Concluding on this collection there is only one thing I will say. This author has a strong voice. A strong storytelling inclination. He can play with words beautifully and I felt that his sense of humor is subtle yet in some places a reader will start smiling. Drama and emotion is his forte, at least in this collection. 

Recommended read for a lazy afternoon with a cup of coffee. 

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Friday, December 29, 2017

Spotlight: LEAN IN TO RELATIONSHIPS by Rishabh Jhol

Blog Tour by The Book Club of LEAN IN TO RELATIONSHIPS by Rishabh Jhol

Rishabh Jhol

Blog Tour by The Book Club of LEAN IN TO RELATIONSHIPS by Rishabh Jhol


Doubt has pivoted many a relationship across the centuries. Whether it is Othello suspicious of Desdemona or through the rise of paranoia as a trope in twentieth century writings. While paranoia naturally suggests the vulnerability of individual mind to social rhetoric, it is also the space for deep interrogation of the individual that renders him/her to paranoia. This novel presents that doubt has the potential to be a space of liberation.

Madeeha works in Jordan to rehabilitate Syrian refugees. Zehen, a political analyst from India, meets her in the US during their social impact program. He is intrigued and charmed by her, and falls deeply in love. But the world political climate, with its accompanying cultural narratives about terror and pain, infects Zehen’s mind. Zehen begins to suspect Madeeha as a possible mujahid. Will he find his truth? Fear doesn’t devastate; it stirs the inner pot. 

The novel uses Sufi philosophical terms to mark the journey to self-love and explores the tensions between Ishq-e- Mazizi (worldly love) and Ishq-e- Haqiqi (love for Divine). The novel uses the backdrops of various cities around the world to build its narratives – Cusco and Lima in Peru, Petra/Aqaba/Amman/Jerash in Jordan, New York/Philadelphia/DC/Chicago/Seattle/San Francisco. The cultures within each of these cities inform and influence the story so that each city becomes a character themselves participating in empowerment and liberation of the main protagonist.

It is a tender love story that triumphs heartbreaks and sets the foundation of deep lasting future relationships - a delightful emancipation from social intrigues and cultural constraints.

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Read an excerpt here:

Zehen was experiencing sweet joy in his heart. Memories bustled in the head. When did he first see her? Zehen searched his head madly. Orientation session? Corridor to the classroom? However, he tried, he couldn’t pinpoint the moment. A whirr of images, of moments, yet-to- be collaged. And a heart that already had a narrative, waiting to be inset.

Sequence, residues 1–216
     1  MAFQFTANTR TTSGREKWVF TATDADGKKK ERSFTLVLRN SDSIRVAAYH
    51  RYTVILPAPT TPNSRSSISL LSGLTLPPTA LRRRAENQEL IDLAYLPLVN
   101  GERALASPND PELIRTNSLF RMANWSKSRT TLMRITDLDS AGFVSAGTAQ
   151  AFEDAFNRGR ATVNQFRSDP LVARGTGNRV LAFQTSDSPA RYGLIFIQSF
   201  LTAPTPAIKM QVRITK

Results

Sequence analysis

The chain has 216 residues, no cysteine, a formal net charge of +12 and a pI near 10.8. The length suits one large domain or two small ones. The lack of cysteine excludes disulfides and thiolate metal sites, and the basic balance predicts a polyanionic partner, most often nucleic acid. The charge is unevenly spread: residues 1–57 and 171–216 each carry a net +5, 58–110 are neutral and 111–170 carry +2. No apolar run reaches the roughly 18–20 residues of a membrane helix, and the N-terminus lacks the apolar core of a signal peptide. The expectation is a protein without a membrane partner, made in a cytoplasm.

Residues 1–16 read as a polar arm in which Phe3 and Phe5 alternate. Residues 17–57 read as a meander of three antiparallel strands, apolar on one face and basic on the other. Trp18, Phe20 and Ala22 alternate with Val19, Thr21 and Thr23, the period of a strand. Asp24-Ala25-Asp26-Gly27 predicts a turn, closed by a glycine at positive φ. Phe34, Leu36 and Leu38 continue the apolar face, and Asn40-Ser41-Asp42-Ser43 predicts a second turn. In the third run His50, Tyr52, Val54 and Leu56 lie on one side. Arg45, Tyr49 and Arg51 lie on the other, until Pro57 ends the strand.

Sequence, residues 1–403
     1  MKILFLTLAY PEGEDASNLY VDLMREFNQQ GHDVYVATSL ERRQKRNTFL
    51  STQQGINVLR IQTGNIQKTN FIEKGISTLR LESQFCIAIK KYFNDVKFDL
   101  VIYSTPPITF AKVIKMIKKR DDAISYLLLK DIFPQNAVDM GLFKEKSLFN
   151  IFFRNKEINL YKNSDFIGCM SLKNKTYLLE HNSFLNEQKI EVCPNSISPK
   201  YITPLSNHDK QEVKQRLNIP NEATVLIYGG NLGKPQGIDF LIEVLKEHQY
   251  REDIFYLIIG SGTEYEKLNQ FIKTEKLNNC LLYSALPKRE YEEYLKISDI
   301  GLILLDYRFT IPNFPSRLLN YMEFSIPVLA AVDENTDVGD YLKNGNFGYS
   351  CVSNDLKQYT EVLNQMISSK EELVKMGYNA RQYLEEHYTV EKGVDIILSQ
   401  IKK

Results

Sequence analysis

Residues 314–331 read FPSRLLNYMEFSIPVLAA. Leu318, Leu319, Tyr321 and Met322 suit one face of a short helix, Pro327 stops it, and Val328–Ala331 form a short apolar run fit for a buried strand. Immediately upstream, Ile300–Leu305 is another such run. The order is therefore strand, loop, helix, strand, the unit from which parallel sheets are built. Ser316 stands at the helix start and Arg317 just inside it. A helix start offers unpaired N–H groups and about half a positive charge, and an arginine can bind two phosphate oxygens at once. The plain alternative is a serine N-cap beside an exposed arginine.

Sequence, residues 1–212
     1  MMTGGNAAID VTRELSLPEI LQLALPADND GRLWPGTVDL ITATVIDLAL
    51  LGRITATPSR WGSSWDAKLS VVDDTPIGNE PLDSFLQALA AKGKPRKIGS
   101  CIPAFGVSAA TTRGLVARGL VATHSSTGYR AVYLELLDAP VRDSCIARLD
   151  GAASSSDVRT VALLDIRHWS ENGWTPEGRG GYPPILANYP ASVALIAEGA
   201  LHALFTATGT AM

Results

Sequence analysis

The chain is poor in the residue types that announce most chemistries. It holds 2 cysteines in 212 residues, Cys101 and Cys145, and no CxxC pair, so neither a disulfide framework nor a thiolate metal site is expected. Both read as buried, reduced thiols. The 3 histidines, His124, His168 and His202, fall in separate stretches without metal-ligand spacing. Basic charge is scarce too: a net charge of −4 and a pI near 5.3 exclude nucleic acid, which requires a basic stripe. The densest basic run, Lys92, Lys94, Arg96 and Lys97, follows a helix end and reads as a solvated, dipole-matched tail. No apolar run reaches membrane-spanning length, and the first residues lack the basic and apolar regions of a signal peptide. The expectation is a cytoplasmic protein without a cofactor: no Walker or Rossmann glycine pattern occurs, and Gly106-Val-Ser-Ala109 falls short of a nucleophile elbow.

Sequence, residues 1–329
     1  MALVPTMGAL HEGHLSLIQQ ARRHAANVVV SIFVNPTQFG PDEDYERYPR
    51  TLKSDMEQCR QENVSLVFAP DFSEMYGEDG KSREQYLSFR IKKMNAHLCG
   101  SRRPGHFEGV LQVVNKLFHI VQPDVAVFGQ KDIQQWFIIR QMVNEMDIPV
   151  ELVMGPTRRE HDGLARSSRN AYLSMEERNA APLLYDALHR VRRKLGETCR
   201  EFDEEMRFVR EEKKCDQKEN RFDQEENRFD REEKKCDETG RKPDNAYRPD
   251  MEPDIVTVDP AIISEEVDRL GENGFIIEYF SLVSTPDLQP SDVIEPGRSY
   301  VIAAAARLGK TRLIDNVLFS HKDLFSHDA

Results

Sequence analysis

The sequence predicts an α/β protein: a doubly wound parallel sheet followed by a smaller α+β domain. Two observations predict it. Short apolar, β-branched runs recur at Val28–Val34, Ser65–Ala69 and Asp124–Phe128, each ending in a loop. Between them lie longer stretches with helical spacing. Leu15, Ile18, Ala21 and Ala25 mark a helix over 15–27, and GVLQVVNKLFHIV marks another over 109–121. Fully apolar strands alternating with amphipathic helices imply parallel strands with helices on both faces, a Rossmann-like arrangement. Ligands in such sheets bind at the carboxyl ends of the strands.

We imagine that all romantic stories will have a sigh-worthy romantic beginning. But beginnings are when the heart awakens, when the soul remembers. A presence stills and emerges from the shadows of time.

His first memory was when she introduced herself in the class. They had gathered at Presidium University for a one-year course on Social Impact Leadership. Outside, the white fringe tree was laden with its grape-like fruits. The pine, oak and spruce waited for winter to tell the world how unchangeable they were. And the old Redwood stood proud like the institution itself. Inside, in the warm classroom, students from various cultures across the world had gathered. Icebreaker session was on and the usual round of introductions.

Introduction is a ritual. A cumbersome ritual. How does one reduce the tapestry of one’s entire existence, the colors, and the many weaves into a single palatable thread?

About the author

I was born into poverty. At the time of my birth, my parents shared a one -room hut with six other family members in one of the poorest neighborhoods of Delhi.

It was a hot day in the month of March 1995. I was in standard 4th and had an examination the following day. As was regular in that locality, we didn't have electricity that day. I couldn't study or sleep properly. One of the watershed moments happened when I came back from school the next day. We had an inverter installed at home. I knew we couldn't afford an inverter. But my dad was always convinced that the way out of poverty for our family is through education.

Despite an interest in creative writing, I chose to study a subject that society values more – Finance. Later, I got into one of the top colleges for finance in the country. My first salary out of college (in 2007, when I was 20 years old) was higher than that of my dad's salary at the time.

When I was 24 years old, I had everything that makes one happy – loving parents, great partner, close-knit group of friends, and career path that exceeded every goal. Yet, I wasn’t happy. I wasn’t sad either; but it never felt like my life. I had carefully and meticulously built that life though. Contextually, it was the safe thing to do.

Following year though, I had to deal with the loss of my 7¬year old relationship and of my 5¬year old job. My identity was crushed. My biggest lesson was that you can fail at what you don't want, and what you consider safe; you might as well take a chance at what you truly want.

Next year, I got my ‘ideal’ job but walked away from it. Failure had taught me to be more ambitious and audacious. I had reached a point in my life where I wanted my work to have more meaning; and to stand for something more important than myself.

I started a political consulting company to maneuver social ascendance of marginalized communities by equalizing access to political capital. I primarily did topical research for MPs for their debates in the parliament and on TV shows. Partial project list includes:

Providing 108 rape survivors with medical, legal, financial, and social support over six months through one of my client's NGO
Getting amendments passed in the communal violence bill that tackle systemic bias towards Muslims
Helping three social entrepreneurs raise a combined total of INR 43 lakhs from their MP for community initiatives

Along with running my own company, I focused on my passion for writing and traveling as well. I solo travelled to all seven wonders of the world, and did two-cross country trips by train in India and in the US. I have also written and published three fiction novels.